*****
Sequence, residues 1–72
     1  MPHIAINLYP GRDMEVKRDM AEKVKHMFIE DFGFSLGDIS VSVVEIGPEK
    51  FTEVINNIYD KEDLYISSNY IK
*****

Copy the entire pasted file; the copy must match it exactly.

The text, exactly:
Sequence, residues 1–72
     1  MPHIAINLYP GRDMEVKRDM AEKVKHMFIE DFGFSLGDIS VSVVEIGPEK
    51  FTEVINNIYD KEDLYISSNY IK